CLASSIC MONSTER MAGAZINE: Dick Smith’s Monster Make-Up Handbook

Classic Monster Magazines

Famous-Monsters-Dick_Smith-Monster-Make-UP-HandbookDo-It-Yourself Monster Make-Up Handbook by Dick Smith (Warren Publishing, 1965)

It doesn’t get anymore classic than this!

Monster Kids were way ahead of trend and were into DIY before Pinterest was even a glimmer in the internet’s eye.  Inspired by their favorite monster movies and made aware of the master artists and creators behind these movies thanks to Famous Monsters of Filmland, Monster Kids of the 1960s were making their own Super-8 monster movies complete with homegrown monsters.

Always aware of their audience, Jim Warren engaged future -Oscar-winning make-up artist Dick Smith’s to publish this one-shot “how-to” magazine.  To use a rather obvious metaphor, it was like pouring gasoline on a campfire.  One of the definitive magazines of Monster Kid-dom, this Handbook included 100 pages of photo illustrated guides providing Monster Kids step-by-step instructions for making monsters.

In classic Famous Monsters’ style, the cover by Vic Preslo wasn’t shy in selling the awesomeness inside.  In this case, it wasn’t an over promise!

How to have fun creating your own monster make-up

Over 250 Exciting Pictures

With Simple Easy-to-Follow Instructions

by Famous Make-Up Artist Dick Smith

The mag was reissued as a paperback by Imagine Inc. in 1985 and can be found on Amazon:

Dick Smith’s Do-it-Yourself Monster Make-up Handbook

As you’ll see in the following pictorial tour, the book progresses from the relatively simple Vampire and Ghoul #1 to the movie-worthy Quasimodo, Mr. Hyde and ‘New” Frankenstein Monster.  Enjoy the tour:

Dick-Smith-Monster-make-Up-Inside-Cover-Front

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Dick-Smith-Monster-Make-Up-Ghoul-1

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I found a copy of this magazine at a newsstand in the mid-70s that was used but in good condition.  I scoured the magazine repeatedly, drawing the images and practicing the make-up on my younger siblings.  Here’s a shot of my younger brother with the Split Face make-up I did for Halloween – not too bad, if I say so myself! (The teeth have been wiped away because he’s been eating candy!)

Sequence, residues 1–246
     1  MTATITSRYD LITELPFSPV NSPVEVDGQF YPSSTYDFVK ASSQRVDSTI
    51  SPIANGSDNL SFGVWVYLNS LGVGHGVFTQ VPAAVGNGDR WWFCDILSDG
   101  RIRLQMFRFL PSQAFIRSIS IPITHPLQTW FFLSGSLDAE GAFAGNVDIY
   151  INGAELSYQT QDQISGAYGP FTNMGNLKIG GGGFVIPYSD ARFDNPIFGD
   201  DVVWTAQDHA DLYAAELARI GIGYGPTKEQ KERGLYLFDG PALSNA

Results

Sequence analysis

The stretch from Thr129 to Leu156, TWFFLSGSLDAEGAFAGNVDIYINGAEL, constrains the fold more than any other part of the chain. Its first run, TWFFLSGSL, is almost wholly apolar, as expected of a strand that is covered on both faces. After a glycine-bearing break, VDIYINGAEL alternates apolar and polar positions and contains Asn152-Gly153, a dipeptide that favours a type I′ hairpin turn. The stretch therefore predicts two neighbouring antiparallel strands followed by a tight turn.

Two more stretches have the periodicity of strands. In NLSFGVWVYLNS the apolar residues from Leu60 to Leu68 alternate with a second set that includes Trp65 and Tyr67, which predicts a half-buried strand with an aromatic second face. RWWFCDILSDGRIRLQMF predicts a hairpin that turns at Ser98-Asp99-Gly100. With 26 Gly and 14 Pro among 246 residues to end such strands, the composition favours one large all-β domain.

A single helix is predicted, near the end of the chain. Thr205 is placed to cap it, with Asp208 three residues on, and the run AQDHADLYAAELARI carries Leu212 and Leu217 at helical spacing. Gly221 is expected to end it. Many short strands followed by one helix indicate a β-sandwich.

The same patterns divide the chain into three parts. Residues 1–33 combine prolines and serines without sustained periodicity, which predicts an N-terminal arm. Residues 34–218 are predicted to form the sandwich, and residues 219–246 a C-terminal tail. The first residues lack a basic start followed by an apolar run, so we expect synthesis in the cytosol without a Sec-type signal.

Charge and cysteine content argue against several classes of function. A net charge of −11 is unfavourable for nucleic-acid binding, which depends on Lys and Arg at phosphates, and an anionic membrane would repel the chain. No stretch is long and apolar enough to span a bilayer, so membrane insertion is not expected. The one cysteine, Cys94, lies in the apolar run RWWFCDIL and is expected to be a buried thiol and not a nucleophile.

Dick-Smith-Make-up-Split-Face-Halloween-1977Dick-Smith_monster-make-up-split-face-2

Collectors Value:

This magazine is fairly easy to find – though finding a really high grade copy requires a bit of patience.  Reader copies are frequently available in the $15 range and recent and copies in VG condition have recently sold on eBay for $45.  While prices range rather dramatically on this magazine in high grades, VF/NM copies can be found in the $55-$75 range.  Pretty nice appreciation for a with a cover price $.60 back in 1965. With patience, you can get a collectible copy – and you SHOULD own this book if you’re a collector or a 60s Monster Kid.  At minimum,  I’d recommend a reader copy of this magazine as well – its  just so much fun to read!

Follow this link to see current copies available on eBay

Related Articles:

 

Ormsby’s Movie Monsters: A Ghoulery of Monster Greats

Classic Monster Books

Movie Monsters by Alan Ormsby

Movie Monsters ; Alan Ormsby (Scholastic Books, 1975)

As a 1970s Monster Kid, I was fortunate enough to have access to a wide variety of monster magazines and books.  Movie Monsters by Alan Ormsby was one of my favorites.

Pictured above is my original copy, well-loved and well-used.  In other words, it is far from collectible condition.  I remember getting my Scholastic book order at the end of the school day late during the Fall of 1975 with this book in it.  As soon as I got home from school that day, I recall  heading straight to my room to read this cover-to-cover.  I loved the illustrations and the easy step-by-step guide to monster make-up.

I loved this book so much, I even gathered the neighborhood kids and staged a production of The Monster of Frankenstein – which is the play included in this book (see story below).

Today, I thought we could stroll down memory lane together and review this book.

From the author:

Movie Monsters has three parts: The Greatest Movie Monsters – for your delight, information, and reference, page 3; How to make a Monster, including make-up and recipes for monsters, page 29; and How to Put On Monster Shows, page 63. Happy Ghouling!

Today’s focus is on part one, the Ghoulery of Monster Greats:

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Ormsby begins, fittingly, with a tribute to the Man of a Thousand Faces, Lon Chaney.

He invented monster make-up!

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Ormsby continues his focus on Chaney, with The Phantom of the Opera (note my little sister’s custom art work on the page):

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From Sr. to Jr., Ormsby leaps right to my favorite Universal Monster, Lon Chaney Jr as the Wolfman:

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Appropriately, Ormsby spends four pages on the Frankenstein Monster – discussing all the Universal movies up through Abbott & Costello Meet Frankenstein but, unlike his action on Dracula below, he focuses exclusively on Boris Karloff‘s portrayal of the Monster.